By Mansoor Jafar
8 July 2014
After an aborted foreign invasion by the then USSR and later, destructive attacks on Afghanistan by the United States, Kabul finally chanced upon what political pundits termed a “good day” in its history when a foreign qualified academician-turned-politician Ashraf Ghani made his way to the presidential palace with his Lebanese wife on Monday.
Ashraf Ghani carved out a respected international career during decades in exile, gaining a PhD in anthropology from Columbia University in the U.S. before joining the World Bank.
Ghani also made a bid for power in 2009 - giving up his U.S. citizenship in order to do so - but ended up only winning about three per cent of the vote. In 2014, he was one of two candidates to make it through to the presidential run-off.
An ethnic Pashtun from the influential Ahmadzai tribe, Ghani went on to become chancellor of Kabul University in 2005 and a senior adviser to President Hamid Karzai in 2011.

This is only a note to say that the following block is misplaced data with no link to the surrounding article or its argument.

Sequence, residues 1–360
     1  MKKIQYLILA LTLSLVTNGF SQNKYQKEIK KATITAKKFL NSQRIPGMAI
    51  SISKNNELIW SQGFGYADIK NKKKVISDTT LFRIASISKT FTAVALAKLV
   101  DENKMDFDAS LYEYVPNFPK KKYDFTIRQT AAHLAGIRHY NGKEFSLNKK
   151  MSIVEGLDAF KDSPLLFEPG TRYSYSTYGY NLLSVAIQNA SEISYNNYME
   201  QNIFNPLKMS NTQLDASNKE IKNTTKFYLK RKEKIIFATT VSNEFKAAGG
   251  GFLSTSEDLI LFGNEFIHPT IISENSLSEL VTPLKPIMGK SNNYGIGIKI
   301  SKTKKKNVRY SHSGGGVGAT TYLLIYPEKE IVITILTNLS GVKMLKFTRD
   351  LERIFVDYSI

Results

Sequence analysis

He has played an instrumental role in negotiations with the U.S. and NATO over how Afghanistan will be governed once foreign troops withdraw later this year.
Some argue that his time spent abroad means that he has not had sufficient time to build up a power base in Afghanistan, but the number of votes he won in April appears to contradict this.
Akin to Nouri al-Maliki
The second-attempt victory of Ashraf Ghani in the Afghan presidential election reminds me of the post-Saddam era in Iraq when a foreign qualified and self-exiled Nouri al-Maliki took the reins of power with pomp and circumstance.
Interesting commonality between the Afghan president-elect and Nouri al-Maliki has alarmed many political commentators.